08.03.2005 Feature Article

“Nkwan a w’efim….” (Spoiled soup)

“Nkwan a w’efim….” (Spoiled soup)
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“Anyone who benefits more than the people he/she is serving is not serving.”

Disclaimer: This is not a political piece. I am not writing this to blame anyone but to express some sentiments and may be state some solutions. Since I am not a Systems Analyst I want to say that as a Theologian I look to God for answers.

Dear reader please read this article with your mind first before you respond. I have written many articles to know that some readers (very few) respond before they think and read between the lines. Well, if you are patient enough to read between the lines, then read on…

An Akan proverb that I have come up with is this: “Nkwan a w'efim, s3 edze nam fofor biara to mu a, noso befim.” (Any meat that one puts in a spoiled soup will also get infected.)

I came to this conclusion (proverb) when a few days ago I learned that a dear cousin of mine who was trying to set up an agricultural business in Ghana is in deep trouble. He got a loan at over 50% interest rate for this venture but then when the time came to pay the loan back (in Ghana some loan sharks give short term loans only and with over 50% interest rate) the expected revenue was NOT there. This is only the tip of the mess.

For Ghana to declare HIPC (highly indebted poor country) some years ago, let us all agree that something is seriously wrong. I am not casting any blame and so relax. 'Why is Ghana very rich and yet very poor?' Why is Africa so rich and yet so poor?”

When a friend of mine, Ekow Bedu, heard about the rise of petrol cost from C20,000 to C30,000 per gallon, this is what he wrote to me:

"The medicine they're prescribing is liable to kill the patient -- in this case the nascent democratic dispensation in Ghana. I am incredulous and wonder how people are surviving. No wonder the place is swarming with bandits like Atta Ayi.

Another thing that got me in the dumps is those comparative pictures of Winneba Main Street they had on Ghanaweb some few weeks ago. Over 40 years and not much to show but deterioration. Nothing new in 40 years!! What bothers me the most is that Winneba is not like a small unknown place. It is one of the major towns in the Central Region and not one pesewa seems to have been invested in infrastructural improvements. Very sad indeed."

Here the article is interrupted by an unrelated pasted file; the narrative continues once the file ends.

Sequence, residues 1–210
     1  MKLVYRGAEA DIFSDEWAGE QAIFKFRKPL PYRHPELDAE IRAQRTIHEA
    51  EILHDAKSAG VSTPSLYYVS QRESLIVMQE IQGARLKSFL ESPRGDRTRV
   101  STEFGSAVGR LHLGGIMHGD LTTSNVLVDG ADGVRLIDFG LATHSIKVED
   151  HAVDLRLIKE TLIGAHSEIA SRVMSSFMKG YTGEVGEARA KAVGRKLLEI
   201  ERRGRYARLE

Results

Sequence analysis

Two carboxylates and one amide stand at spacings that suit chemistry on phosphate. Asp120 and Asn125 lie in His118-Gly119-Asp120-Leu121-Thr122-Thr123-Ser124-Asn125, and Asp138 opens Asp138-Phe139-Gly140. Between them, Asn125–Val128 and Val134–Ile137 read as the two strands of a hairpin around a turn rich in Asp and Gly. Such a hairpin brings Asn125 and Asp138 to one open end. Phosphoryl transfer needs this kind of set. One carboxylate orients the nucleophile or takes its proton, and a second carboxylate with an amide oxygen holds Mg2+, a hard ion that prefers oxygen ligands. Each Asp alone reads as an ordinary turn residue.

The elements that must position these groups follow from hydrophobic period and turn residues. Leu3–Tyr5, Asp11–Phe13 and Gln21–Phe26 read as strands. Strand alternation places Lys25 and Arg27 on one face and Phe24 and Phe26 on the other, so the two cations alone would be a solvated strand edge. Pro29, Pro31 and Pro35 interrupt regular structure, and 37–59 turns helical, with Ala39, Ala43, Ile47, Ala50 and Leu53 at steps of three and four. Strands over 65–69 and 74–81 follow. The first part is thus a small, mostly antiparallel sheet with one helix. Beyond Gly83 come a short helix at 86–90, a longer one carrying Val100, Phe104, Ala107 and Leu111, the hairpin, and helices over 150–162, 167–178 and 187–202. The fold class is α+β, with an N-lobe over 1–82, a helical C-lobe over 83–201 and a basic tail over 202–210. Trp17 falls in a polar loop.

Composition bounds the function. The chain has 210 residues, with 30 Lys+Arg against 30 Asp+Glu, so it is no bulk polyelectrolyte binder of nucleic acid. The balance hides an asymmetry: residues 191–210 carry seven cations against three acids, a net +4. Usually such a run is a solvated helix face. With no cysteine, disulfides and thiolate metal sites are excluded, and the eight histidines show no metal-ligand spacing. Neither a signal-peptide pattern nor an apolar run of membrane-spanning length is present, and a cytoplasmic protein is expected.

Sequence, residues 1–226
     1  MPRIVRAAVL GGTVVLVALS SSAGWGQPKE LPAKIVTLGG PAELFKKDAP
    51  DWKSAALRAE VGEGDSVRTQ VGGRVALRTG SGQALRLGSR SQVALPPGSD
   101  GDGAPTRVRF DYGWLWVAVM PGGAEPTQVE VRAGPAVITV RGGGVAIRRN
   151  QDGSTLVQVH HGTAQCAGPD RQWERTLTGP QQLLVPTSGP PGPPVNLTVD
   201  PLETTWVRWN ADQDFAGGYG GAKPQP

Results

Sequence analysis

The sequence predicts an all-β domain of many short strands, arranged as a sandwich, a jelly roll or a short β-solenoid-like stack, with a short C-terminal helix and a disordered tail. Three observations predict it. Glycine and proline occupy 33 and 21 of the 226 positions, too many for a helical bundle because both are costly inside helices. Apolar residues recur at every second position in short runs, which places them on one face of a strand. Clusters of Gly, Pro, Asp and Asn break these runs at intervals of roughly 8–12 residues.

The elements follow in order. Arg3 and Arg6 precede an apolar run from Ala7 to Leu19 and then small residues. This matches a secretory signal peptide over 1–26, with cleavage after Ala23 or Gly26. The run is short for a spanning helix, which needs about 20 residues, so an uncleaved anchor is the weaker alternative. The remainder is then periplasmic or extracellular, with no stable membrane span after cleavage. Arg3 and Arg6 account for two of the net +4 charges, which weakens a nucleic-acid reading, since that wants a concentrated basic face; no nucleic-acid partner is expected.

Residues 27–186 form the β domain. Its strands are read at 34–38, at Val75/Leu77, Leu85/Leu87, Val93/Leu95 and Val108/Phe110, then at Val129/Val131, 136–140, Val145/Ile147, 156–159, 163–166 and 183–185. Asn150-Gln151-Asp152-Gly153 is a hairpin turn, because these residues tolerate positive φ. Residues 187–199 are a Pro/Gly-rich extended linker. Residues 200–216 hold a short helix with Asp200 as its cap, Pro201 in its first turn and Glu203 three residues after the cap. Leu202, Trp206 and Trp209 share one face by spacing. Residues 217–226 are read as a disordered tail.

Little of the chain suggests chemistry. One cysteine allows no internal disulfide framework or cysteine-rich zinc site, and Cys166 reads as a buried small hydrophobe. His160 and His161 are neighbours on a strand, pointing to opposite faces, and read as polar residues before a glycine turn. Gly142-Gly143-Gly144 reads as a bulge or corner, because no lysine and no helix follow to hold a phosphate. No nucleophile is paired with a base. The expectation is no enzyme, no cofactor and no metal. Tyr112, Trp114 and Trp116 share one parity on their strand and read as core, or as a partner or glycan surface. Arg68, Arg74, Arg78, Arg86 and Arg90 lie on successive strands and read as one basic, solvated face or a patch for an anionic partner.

"Nkwan"- many institutions in Ghana "w'efim"- spoiled (broken, sick) No matter how we try ("nam fofor" = new meat) any help.....

Does not yield positive results (noso fim)

Therefore: "Nkwan a w'efim, s3 edze nam fofor biara to mu a, noso fim." (When the institution is sick, anything that goes near it gets infected too.") Unless there is a paradigm shift, things will continue to be “hard saa.”

Item: Imagine you want to buy some seeds from the Ministry of Agriculture for a farm project like my cousin wanted to purchase.

For whatever reason, he had to go through a back channel. This back channel happened to be the Purchasing Clerk. As with many things, give the money to the Clerk and he/she will get the seeds (needed item) for you.

Well, after about a week to two weeks, this Clerk gave him half of the seeds that he wanted to purchase because he/she had diverted some of the money for his/her own personal use. Yes, this Clerk has diverted some of the money for his/her own venture.

“Why not walk in directly and purchase the bulk seeds that you want yourself?” You may ask. Next time try this yourself and see what you will be told.

What about an electric meter for your new house? Advice, go through the back channel or else it will take many years before you get the meter. What about telephone service? What about water? You get the picture.

Please note that this is not how the story will end. There are many success stories but we want more of them. A new generation is ready to take over.

(GNA-March 5,05)The children (students receiving awards) said they were, however, frightened by a certain phenomenon that was gradually destroying the country's social fabric. They said ethnicity was threatening to cast asunder the bonds that had identified and singled out Ghanaians as a hospitable and peace-loving people.

The children said there could be no better cure for this canker than respect for one another, irrespective of gender, ethnicity, creed or political affiliation.”

The future of Ghana is very bright and it up to us serve in a way that the people we serve benefit more than we do. The solution is in each of us and if we take this responsibility seriously, the nation will see better days ahead.

Ghana shall rise again. Let us be determined to hoe our plots diligently and soon we will all meet in the middle. Our hope is in God and with Him all things are possible. May the people we serve benefit more than we do. Taste the soup.

Is it ok? Views expressed by the author(s) do not necessarily reflect those of GhanaHomePage.

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